- The site and methods should ensure that the tailings are stored in a way that is, and will be, physically and chemically stable;
- Acid rock drainage / potential metal leaching (ARD/ML) materials can be managed to minimize the potential for oxidation and subsequent release of low pH leachate;
- The design and construction methods are technically and economically feasible, and appropriate for the site conditions; and
- Adverse environmental effects are minimized and not significant.
Sites 2, 3 and 4 were identified as “fatally flawed” and screened out because covering lakes would likely have a significant environmental effect, and their aquatic habitat is protected by regulation in New Brunswick. Lakes were also assumed of importance for recreational or Aboriginal fisheries. Three tailings storage methods were considered, namely conventional slurry tailings, thickened (paste) tailings, and filtered dry stack tailings. Conventional slurry tailings was identified as the best technology for the Project.
Options 1b and 1c underwent a detailed characterization as part of the multiple accounts analysis as described in the Guidelines. Following this analysis, Bird Brook (option 1b) and the use of conventional slurry disposal were identified as the preferred option for the disposal of tailings based on environmental, technical, economic and socio-economic perspectives.
The preferred option would overprint two water bodies frequented by fish, Bird Brook and a tributary to West Branch Napadogan Brook, and would therefore require that these waters be listed in Schedule 2 of the MDMER.
The proposed amendments would add Bird Brook and a tributary to West Branch Napadogan Brook to Schedule 2 of the MDMER so that they can be used for the disposal of mine waste.
The analysis below examines the impacts of the proposed amendments on the environment, Government, and Canadian businesses.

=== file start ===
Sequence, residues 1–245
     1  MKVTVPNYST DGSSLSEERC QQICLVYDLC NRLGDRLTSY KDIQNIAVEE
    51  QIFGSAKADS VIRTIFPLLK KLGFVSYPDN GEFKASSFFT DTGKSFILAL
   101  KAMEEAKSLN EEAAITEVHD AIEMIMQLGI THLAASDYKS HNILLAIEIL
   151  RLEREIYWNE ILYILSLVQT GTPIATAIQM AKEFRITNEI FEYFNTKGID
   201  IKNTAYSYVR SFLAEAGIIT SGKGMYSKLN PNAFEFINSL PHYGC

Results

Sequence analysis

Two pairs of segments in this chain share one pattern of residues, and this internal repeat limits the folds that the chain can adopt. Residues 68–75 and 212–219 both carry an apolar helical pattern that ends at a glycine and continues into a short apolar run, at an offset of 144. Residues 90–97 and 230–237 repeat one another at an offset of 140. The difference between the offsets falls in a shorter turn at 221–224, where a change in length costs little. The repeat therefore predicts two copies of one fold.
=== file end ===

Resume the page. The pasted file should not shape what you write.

The use of Bird Brook and an unnamed tributary to West Branch Napadogan Brook as a TIA would destroy approximately 1.74 ha of fish habitat. The fish habitat loss will be offset by the implementation of the FHCP.
Following its assessment, the Department of Fisheries and Oceans determined that the FHCP proposed by the Proponent to offset the loss of fish habitat that will result from the TIA is appropriate and meets the guiding principles of the Department of Fisheries and Oceans Fisheries Productivity Investment Policy: A Proponent’s Guide to Offsetting.
Costs to Government
Government of Canada enforcement activities include inspections to monitor the implementation of the FHCP, which may have associated incremental costs. Specifically, there may be incremental site visits, monitoring and review costs incurred by the Department of Fisheries and Oceans. These incremental costs would be low, given that monitoring activities and associated costs would only occur during the implementation of the FHCP and would not continue throughout the life of the mine waste disposal areas.
Incremental compliance promotion costs may also be incurred, but would be low, given that compliance promotion activities occurred throughout the federal environmental assessment process. Therefore, the total incremental costs to the Government associated with the proposed FHCP would be low.
Cost to business
The proposed amendments would result in additional costs to Sisson Partnership associated with the implementation of the FHCP, which is estimated to be $954,000. footnote 8 However, only a portion, $305,000, of the cost of the plan, is due to the proposed amendments and will offset the destruction of fish habitat in the portion of Bird Brook and the tributary of West Branch Napadogan Brook. The remaining cost of the compensation plan, $649,000, will offset the serious harm to fish resulting from work conducted in relation to paragraph 35(2)(b) of the Fisheries Act.
The table below describes the estimated costs associated with the implementation of the FHCP. This amount will cover the removal of a culvert at Nashwaak Lake, the construction of a fish passage, the removal of the dam at Lower Dam Lake, the implementation of a fish reintroduction program for alewife and a follow-up program to survey the effectiveness of the FHCP.
|Description||Undiscounted Amount in 2018 Canadian Dollars||Amount Discounted at a Discount Rate of 3%||Proposed Schedule|
|Alewife reintroduction program||$107,000||$96,536||2020–2023|
|Removal of a culvert at Nashwaak Lake and construction of a fish passage||$185,000||$179,612||2019|